NDIA to commence drainage works to eliminate Corentyne farmers’ Corp drainage woes – Ministers pleased with Corp practices; urges others to follow suit
Members of the Corentyne Youth Farmers Corp Society will soon benefit from much needed drainage works which will allow them to harvest two crops per year.
During an outreach earlier yesterday to Corentyne, Berbice, Agriculture Minister Noel Holder, who was accompanied by Junior Finance Minister, Jaipaul Sharma and other officials, indicated that his ministry will soon render assistance to the group given the fact that they have taken the initiative to maintain a functioning corp.
Chief Executive Officer of the National Drainage and Irrigation Authority (NDIA), Fredrick Flatts indicated that drainage works will commence shortly.
“In 2016, myself and another engineer visited the area to see how best we can assist farmers with drainage. A proposal was submitted and I am happy to say that we are now in the procurement stage. Once things remain on schedule, works are expected to commence within the next two months.” Mr. Flatts said.
Currently, farmers are only able to cultivate rice during the Spring Crop. Due to the lack of sufficient drainage, farmers are forced to skip the second crop since their fields are usually flooded.
Chairman of the Corentyne Youth Farmers Corp Society, Amad Rajab, indicated that the members have invested hundreds of millions of dollars to develop the lands and are asking for further assistance from government to increase their cultivation.
“From the time we started to develop this place, it has cost each member approximately eight million dollars so far. Because we’re only getting one crop each year, we are asking for some help to dig out a canal so we can get better drainage. Our Corp is fully functional and every piece of land is noticeably under cultivation. Lack of proper drainage is the main element stopping us from achieving two crops per year.” Mr. Rajab said.
He also indicated that in ensuring the Corp functions correctly, members who do not comply with the rules and regulations are suspended and/or fined and lands rented to other farmers until the original owners are able to comply.
Agriculture Minister, Noel Holder spoke of the efforts by his ministry to make to more lands available to farmers with the aim of expanding production and productivity. This is in light of new markets secured by the Guyana Rice Development Board over the last year.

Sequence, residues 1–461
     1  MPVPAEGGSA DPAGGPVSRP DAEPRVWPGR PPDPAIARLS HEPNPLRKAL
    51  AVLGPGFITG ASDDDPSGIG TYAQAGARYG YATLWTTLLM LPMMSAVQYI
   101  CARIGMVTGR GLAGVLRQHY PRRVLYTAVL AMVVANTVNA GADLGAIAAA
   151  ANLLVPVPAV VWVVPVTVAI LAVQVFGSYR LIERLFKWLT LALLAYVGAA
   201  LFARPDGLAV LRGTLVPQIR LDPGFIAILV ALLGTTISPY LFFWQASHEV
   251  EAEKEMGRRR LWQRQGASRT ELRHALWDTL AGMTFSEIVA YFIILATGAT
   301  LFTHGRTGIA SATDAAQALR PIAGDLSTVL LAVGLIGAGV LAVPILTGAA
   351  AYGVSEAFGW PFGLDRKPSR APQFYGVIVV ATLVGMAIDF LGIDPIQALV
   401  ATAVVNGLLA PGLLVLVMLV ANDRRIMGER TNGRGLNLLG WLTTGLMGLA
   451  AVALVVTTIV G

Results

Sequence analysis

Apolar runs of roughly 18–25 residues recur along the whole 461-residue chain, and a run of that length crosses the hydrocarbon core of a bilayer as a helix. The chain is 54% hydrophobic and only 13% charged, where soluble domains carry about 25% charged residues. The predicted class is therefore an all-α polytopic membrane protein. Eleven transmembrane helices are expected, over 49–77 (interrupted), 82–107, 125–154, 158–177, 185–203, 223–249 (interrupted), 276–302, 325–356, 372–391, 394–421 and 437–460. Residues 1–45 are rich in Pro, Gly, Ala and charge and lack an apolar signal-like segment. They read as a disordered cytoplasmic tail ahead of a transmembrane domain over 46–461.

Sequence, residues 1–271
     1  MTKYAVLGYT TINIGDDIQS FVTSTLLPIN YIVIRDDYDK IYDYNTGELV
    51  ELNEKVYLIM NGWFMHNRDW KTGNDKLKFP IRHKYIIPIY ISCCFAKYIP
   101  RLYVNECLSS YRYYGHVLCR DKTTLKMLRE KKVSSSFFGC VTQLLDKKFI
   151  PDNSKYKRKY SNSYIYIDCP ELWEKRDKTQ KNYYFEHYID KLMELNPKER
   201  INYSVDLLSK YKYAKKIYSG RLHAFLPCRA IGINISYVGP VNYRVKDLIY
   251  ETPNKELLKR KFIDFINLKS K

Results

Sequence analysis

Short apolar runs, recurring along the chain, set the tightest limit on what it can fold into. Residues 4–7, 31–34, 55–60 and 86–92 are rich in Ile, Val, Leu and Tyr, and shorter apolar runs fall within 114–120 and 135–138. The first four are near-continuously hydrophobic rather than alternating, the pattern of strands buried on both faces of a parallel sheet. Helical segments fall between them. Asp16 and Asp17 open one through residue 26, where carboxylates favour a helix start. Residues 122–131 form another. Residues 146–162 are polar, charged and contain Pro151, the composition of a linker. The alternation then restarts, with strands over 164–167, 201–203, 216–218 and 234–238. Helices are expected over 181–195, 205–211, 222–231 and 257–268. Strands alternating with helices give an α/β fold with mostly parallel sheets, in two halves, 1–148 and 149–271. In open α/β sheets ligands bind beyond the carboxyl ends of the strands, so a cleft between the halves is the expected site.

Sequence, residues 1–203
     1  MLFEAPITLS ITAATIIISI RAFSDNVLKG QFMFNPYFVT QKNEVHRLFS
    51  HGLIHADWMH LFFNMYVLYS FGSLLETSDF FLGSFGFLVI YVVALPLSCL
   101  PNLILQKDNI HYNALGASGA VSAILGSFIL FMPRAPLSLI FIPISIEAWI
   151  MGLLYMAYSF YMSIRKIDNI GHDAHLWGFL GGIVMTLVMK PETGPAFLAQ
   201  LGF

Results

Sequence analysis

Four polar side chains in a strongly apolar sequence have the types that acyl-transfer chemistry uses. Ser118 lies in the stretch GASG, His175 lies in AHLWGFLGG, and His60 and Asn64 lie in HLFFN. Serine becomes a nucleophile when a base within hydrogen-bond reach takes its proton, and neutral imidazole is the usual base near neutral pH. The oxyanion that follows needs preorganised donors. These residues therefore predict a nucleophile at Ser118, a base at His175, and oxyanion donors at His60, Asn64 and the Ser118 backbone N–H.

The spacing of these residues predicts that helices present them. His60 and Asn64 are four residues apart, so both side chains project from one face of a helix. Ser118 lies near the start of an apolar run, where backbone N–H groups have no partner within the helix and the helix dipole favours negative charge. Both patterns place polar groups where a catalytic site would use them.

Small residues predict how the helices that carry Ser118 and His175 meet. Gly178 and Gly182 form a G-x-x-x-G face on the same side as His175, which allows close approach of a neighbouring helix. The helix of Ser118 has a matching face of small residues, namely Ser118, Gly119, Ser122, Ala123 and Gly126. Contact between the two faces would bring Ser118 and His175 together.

“Gone are the days when Guyana had a glut of rice with limited markets. Today we have an abundance of markets namely Mexico, Cuba and Panama which we have been successfully supplying, however, if additional lands are not developed or farmers do not return to their abandoned lands, there is a possibility that Guyana will not be able to supply the much needed markets;” the Agriculture Minister warned.
In addition to this, the Agriculture Minister spoke of the need for a change in farming practices.
“Guyana is being affected by climate change and as such, a number of drainage pumps are being installed across the coast. Currently this is being done to maintain production and not to increase production. We cannot continue like this, therefore, we need to expand our production by opening more lands for cultivation.” Minister Holder added.
The Corp, which was officially formed in 2008, comprises of 30 members who are involved in rice cultivation in the areas within the No. 52-74 Blocks in Corentyne. In addition to paying land lease charges, members currently are mandated to incur all costs attached to developing the thousands of acres lands they cultivate.
Junior Minister of Finance, Jaipaul Sharma said that he was pleased to see a Corp functioning so effectively.
“This initiative should be expanded. It is heartening to see people making a living in the lands once considered waste lands despite negative comments saying that the country is not developing.” Minister Sharma said.
He also said that he is currently looking at a proposal to construct an all-weather road but stressed the importance for mechanisms to be in place for rice and cattle farmers to co-exist.